Mr. Catmull, with the help of Amy Wallace, have written an extraordinary management book that is honest, practical, and one that does not gloss over mistakes while still celebrating their company’s culture. What could have been just a retelling of Pixar’s, undoubtedly interesting, and dramatic, history instead is a retelling of that history with a guide to the lessons learned and the mistakes made.

Books about the history of companies are often written by, or in conjunction with, the visionary leaders who have fantastic ideas and make great leaps of intuition. “Creativity Inc., however, is written by a working manager: Mr. Catmull. While visionary in his conception of wanting to make the first 3D computer animated movie, his role at Pixar, and later Disney Animation, has been one of the manager who makes things happen, assembles the people, and allows his people to be as creative as possible. He is not afraid to place caveats on things such as employee engagement and feedback, while at the same time obviously taking these subjects extremely seriously.

While the concepts in the book are legion, and makes the book well worth a second reading, Mr. Catmull’s belief that failure is not only to be tolerated but actively encouraged stands out. While many in management circles treat failure as a necessary evil, Mr. Catmull makes a convincing case that failure is not evil at all but an important and necessary part of the creative process. Coupled with this belief in failure, is that while “honesty” has many moral connotations, an insistence on “candor” when giving feedback, from any source, is central to preserving a creative culture.

Getting people to work together, being honest about the short comings of the processes, and considering culture as a constant and evolving thing makes “Creativity, Inc.” a different type of management book. The fact that almost everyone knows about Pixar, and hold the movies they make in high regard, makes this a very accessible book. It also manages to avoid the saccharine quality of a lot of management books that intersect with the world of Disney (Lee Cockerell’s “Creating Magic” in particular comes to mind.)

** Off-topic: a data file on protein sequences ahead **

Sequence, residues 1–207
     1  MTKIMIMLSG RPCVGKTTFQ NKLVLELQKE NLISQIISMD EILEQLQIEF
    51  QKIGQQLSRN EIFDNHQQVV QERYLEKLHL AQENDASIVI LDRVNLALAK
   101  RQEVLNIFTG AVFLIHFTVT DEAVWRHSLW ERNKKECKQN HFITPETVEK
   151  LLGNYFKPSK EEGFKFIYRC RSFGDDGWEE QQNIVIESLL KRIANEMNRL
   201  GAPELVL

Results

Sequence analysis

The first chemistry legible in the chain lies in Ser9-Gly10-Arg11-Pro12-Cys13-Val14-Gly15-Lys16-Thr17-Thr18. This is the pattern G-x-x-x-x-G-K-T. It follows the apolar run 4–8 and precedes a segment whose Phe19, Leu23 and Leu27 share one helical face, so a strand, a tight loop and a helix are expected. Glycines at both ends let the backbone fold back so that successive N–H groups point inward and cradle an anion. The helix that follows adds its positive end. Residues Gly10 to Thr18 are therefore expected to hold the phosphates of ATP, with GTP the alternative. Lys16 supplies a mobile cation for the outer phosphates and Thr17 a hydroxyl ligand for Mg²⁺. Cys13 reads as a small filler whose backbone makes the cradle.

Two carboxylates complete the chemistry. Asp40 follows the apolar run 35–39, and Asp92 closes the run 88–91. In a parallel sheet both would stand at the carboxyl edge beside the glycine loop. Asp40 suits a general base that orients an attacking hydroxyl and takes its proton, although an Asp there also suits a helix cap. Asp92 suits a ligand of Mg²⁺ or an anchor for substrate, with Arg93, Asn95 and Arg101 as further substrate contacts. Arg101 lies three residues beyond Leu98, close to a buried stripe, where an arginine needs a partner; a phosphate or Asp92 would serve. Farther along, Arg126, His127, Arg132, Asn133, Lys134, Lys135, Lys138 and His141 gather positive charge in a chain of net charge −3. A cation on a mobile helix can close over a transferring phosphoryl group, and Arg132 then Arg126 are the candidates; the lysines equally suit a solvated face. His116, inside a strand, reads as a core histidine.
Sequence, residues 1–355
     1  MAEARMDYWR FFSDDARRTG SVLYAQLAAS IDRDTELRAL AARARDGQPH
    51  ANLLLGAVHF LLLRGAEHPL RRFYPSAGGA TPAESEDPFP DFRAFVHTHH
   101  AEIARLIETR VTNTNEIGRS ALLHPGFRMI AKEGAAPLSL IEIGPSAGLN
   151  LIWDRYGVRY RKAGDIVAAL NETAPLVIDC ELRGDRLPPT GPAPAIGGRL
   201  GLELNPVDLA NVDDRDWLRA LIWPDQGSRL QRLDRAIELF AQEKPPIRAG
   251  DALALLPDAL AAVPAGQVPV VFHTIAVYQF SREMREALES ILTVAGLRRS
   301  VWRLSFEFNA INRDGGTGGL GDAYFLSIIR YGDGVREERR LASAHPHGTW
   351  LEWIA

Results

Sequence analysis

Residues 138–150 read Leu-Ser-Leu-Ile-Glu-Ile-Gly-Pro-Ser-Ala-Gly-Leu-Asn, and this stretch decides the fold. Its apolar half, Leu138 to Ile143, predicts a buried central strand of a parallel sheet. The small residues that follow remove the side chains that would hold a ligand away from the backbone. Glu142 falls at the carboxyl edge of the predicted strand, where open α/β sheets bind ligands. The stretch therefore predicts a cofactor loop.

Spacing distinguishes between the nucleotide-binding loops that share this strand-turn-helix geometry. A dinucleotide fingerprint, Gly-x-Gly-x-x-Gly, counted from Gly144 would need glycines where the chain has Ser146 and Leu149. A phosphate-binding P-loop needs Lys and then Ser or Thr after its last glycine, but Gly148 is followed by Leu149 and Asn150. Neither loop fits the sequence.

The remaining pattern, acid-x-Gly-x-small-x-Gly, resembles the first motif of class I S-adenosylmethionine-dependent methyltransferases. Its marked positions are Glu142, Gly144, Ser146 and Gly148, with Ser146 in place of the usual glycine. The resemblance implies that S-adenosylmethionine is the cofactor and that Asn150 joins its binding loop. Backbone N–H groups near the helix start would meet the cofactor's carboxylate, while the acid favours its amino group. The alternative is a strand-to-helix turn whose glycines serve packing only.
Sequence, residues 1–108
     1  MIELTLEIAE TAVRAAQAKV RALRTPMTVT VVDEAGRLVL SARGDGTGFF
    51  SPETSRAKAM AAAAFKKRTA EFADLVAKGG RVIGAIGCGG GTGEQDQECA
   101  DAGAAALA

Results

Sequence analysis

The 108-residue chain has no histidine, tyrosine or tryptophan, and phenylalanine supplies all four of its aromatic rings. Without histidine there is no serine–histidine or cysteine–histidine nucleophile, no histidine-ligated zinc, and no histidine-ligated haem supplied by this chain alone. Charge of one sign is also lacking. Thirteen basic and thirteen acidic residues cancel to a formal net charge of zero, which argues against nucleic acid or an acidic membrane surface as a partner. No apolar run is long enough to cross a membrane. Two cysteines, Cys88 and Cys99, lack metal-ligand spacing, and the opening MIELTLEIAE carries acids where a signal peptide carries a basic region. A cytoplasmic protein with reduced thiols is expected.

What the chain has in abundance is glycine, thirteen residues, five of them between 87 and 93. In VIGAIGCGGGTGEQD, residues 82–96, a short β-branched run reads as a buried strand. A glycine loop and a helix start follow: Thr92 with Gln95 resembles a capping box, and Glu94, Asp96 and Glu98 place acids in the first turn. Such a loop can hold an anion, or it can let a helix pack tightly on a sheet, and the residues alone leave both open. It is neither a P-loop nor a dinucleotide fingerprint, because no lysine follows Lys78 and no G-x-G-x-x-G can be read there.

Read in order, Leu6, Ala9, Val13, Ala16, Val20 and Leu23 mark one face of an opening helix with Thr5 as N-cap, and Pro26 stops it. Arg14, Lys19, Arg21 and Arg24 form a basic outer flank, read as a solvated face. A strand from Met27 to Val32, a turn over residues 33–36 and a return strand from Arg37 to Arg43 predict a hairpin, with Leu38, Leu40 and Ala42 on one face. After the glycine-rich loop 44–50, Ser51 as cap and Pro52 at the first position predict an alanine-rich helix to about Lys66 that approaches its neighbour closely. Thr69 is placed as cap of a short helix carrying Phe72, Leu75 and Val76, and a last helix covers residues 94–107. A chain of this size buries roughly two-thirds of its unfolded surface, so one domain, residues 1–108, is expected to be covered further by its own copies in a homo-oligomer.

For those who have become a bit jaded by management books, “Creativity, Inc.” is for you. This is an honest, dare I say candid, tale that teaches us that all businesses should be creative and that unleashing the creative power of our employees, or at least to stop stifling it, is probably one of the best things we can do as managers for our business and our employees.

One of my most popular blog posts is “The Cost of Servant Leadership” which I published in 2012. Due to some renewed interested, I thought it would make a nice first choice as the core content for my first experiment into animation. I hope you enjoy!

If you would like to read the original post, The Cost of Servant Leadership, you can find it here.

homo deus

“Homo Deus: A Brief History of Tomorrow” is the follow up to the internationally acclaimed bestseller “Sapiens.” Both books are remarkable and well worth reading if you want to have a better understanding of our species: where it came from and, perhaps, where it is going.